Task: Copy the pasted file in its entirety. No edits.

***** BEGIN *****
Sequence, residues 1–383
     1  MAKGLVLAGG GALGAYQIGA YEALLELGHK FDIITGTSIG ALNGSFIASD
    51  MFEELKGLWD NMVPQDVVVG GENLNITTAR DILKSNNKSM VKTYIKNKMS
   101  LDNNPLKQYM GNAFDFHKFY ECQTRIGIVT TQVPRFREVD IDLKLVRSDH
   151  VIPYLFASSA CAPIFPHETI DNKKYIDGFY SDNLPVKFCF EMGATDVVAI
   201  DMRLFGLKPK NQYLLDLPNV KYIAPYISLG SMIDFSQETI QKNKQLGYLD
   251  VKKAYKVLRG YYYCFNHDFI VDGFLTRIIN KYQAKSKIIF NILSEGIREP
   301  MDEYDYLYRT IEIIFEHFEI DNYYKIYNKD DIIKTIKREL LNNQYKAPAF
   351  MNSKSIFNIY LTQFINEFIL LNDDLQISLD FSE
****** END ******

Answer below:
Sequence, residues 1–383
     1  MAKGLVLAGG GALGAYQIGA YEALLELGHK FDIITGTSIG ALNGSFIASD
    51  MFEELKGLWD NMVPQDVVVG GENLNITTAR DILKSNNKSM VKTYIKNKMS
   101  LDNNPLKQYM GNAFDFHKFY ECQTRIGIVT TQVPRFREVD IDLKLVRSDH
   151  VIPYLFASSA CAPIFPHETI DNKKYIDGFY SDNLPVKFCF EMGATDVVAI
   201  DMRLFGLKPK NQYLLDLPNV KYIAPYISLG SMIDFSQETI QKNKQLGYLD
   251  VKKAYKVLRG YYYCFNHDFI VDGFLTRIIN KYQAKSKIIF NILSEGIREP
   301  MDEYDYLYRT IEIIFEHFEI DNYYKIYNKD DIIKTIKREL LNNQYKAPAF
   351  MNSKSIFNIY LTQFINEFIL LNDDLQISLD FSE